Iraq, early 1990s – artillery shells filled with mustard gas agent.
The Security Service, acting in cooperation with other government departments and agencies, aims to counter proliferation activity in the UK by:

  • investigating attempts by proliferator countries to procure materials and expertise from the UK which could aid WMD programmes;
  • investigating the potential benefits to WMD programmes that students and academics from countries of concern may obtain from study in the UK (the intangible transfer of technology). When necessary the Service may advise that such students and academics should be refused entry to the UK; and
  • visiting UK companies, chambers of commerce, universities, and professional and trade associations to raise their awareness of the activities and requirements of proliferator countries, and to obtain information on their dealings with them. For instance, more than 700 companies have been visited since the start of the programme in 1992.

Serious Crime

On 14 October 1996 new legislation extended the Service’s statutory remit to include supporting the law enforcement agencies in work on serious crime. This change in the Service’s remit reflected the Government’s intention that Security Service expertise should also be deployed in the fight against serious crime. The Service’s work in this area has been financed from within existing Service resources.
The 1996 legislation makes it clear that the primary responsibility for work against serious crime remains with law enforcement agencies. Close working relationships with those agencies, including the National Criminal Intelligence Service (NCIS) are therefore central to the way that the Service carries out its work in this area. The legislation requires there to be arrangements governing how the Service fulfils its role in serious crime work. Under these arrangements, the Service is tasked to take on investigations on a case-by-case basis, where it is agreed that its particular skills, knowledge or capabilities are likely to help the investigation. The Service will then bring to bear its investigative capabilities as required, with a view to assisting the law enforcement agency to collect the necessary intelligence.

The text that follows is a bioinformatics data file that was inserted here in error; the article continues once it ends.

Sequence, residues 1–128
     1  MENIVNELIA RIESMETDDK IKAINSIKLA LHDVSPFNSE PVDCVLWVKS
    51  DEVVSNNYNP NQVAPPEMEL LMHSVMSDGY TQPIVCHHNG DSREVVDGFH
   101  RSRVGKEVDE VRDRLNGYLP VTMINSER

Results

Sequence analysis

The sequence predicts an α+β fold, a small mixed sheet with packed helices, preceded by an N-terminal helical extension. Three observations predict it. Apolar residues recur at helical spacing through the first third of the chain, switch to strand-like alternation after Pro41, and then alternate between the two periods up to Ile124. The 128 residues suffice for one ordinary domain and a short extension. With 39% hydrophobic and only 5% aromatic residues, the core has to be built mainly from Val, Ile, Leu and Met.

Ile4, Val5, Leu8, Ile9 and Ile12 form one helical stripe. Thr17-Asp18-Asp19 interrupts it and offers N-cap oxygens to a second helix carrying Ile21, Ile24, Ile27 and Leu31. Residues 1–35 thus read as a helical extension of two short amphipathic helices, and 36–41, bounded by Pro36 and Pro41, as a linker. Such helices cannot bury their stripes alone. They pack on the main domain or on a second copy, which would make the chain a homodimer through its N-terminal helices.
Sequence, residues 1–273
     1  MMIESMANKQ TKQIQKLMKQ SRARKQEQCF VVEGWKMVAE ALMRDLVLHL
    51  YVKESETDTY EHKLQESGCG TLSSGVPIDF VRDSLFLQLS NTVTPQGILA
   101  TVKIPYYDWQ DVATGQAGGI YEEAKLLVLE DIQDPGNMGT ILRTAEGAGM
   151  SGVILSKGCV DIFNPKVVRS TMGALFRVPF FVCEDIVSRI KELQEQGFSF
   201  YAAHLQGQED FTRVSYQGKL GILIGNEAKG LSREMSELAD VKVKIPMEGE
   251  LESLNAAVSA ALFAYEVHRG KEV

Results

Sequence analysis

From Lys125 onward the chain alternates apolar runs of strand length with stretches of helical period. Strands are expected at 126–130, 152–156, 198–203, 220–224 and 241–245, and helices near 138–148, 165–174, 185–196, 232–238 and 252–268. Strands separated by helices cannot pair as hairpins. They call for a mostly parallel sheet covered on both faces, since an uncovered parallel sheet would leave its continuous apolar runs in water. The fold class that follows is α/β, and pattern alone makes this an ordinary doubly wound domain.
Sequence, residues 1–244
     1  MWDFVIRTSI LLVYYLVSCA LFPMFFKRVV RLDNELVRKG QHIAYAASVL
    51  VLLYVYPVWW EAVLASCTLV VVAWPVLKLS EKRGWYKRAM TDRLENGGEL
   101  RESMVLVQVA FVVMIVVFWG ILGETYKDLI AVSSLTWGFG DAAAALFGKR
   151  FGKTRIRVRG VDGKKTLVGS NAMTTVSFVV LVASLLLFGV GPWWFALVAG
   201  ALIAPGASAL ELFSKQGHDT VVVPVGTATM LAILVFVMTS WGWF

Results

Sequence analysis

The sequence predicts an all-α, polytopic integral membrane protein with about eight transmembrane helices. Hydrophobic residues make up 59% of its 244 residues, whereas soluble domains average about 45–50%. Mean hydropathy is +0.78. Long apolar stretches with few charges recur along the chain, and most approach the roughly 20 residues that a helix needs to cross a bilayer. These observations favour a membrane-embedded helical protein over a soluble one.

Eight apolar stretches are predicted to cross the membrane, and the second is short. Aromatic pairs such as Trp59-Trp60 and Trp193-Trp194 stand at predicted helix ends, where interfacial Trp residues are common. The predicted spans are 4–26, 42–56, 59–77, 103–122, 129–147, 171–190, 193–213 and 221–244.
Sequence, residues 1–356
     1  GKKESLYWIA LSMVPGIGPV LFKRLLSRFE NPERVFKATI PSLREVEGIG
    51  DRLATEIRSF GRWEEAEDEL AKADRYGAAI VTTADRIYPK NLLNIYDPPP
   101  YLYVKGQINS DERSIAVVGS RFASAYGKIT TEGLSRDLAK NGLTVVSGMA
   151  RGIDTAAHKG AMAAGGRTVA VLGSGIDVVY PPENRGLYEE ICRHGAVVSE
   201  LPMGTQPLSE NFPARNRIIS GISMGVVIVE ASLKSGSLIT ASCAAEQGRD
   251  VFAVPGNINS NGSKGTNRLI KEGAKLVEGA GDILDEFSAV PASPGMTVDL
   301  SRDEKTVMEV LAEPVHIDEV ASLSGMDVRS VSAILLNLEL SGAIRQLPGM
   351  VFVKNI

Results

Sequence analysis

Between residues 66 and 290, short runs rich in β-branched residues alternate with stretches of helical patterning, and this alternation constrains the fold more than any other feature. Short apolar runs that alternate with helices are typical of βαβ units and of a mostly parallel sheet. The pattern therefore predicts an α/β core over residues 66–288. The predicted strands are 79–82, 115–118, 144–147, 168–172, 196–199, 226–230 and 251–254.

Subversion in the UK is essentially an historical phenomenon. The Security Service Act does not use the term ‘subversion’, but provides a definition of it by reference to actions which are “intended to overthrow or undermine parliamentary democracy by political,

industrial or violent means”. The concept of subversion was therefore focused on hostility to the democratic process. It embraced both extreme left wing (Communist, Trotskyist) and extreme right wing (Fascist) subversive groups, and included those whose allegiance lay with countries hostile to the UK. Historically, Britain faced a very real threat from subversive organisations which sought to undermine parliamentary democracy – and had the capability to do so – most notably during the Cold War. Indeed some of these organisations made no secret of their intentions. Their activities were of concern to successive governments and were an important subject of attention by the Security Service. A particular focus of this work was to deny members of such groups access to sensitive government information. This was achieved through the vetting process announced in 1948 by the Prime Minister, Clement Attlee.
Subversive groups (including, in the past, Communist organisations) have sought to infiltrate and manipulate bona fide organisations, such as trade unions or pressure groups, as a way of exercising influence out of proportion to any support they could achieve through the ballot box. The Service investigated the activities of the subversive groups, but not the organisations they sought to penetrate. The Service never investigated people merely because they were members of trade unions or because they campaigned on particular issues such as nuclear disarmament.
Since the late 1980s, and particularly following the end of the Cold War, the threat from subversive organisations to British parliamentary democracy has declined and is now insignificant. With the collapse of Soviet communism, and taking into account the intentions and declining capabilities of subversive groups, the Service scaled down its work in this area over a number of years. The Security Service currently has no investigations in this area. During the financial year 1997/98 only 0.3% of the Service’s resources were allocated to the remnants of this work, predominantly to pay the pensions of retired agents.2

Protective Security

As well as countering the threats described above, the Service also works to reduce the vulnerability to those threats through its contribution to the protection of government assets and the UK’s critical infrastructure. This aspect of the Service’s work is integral to its function of protecting national security.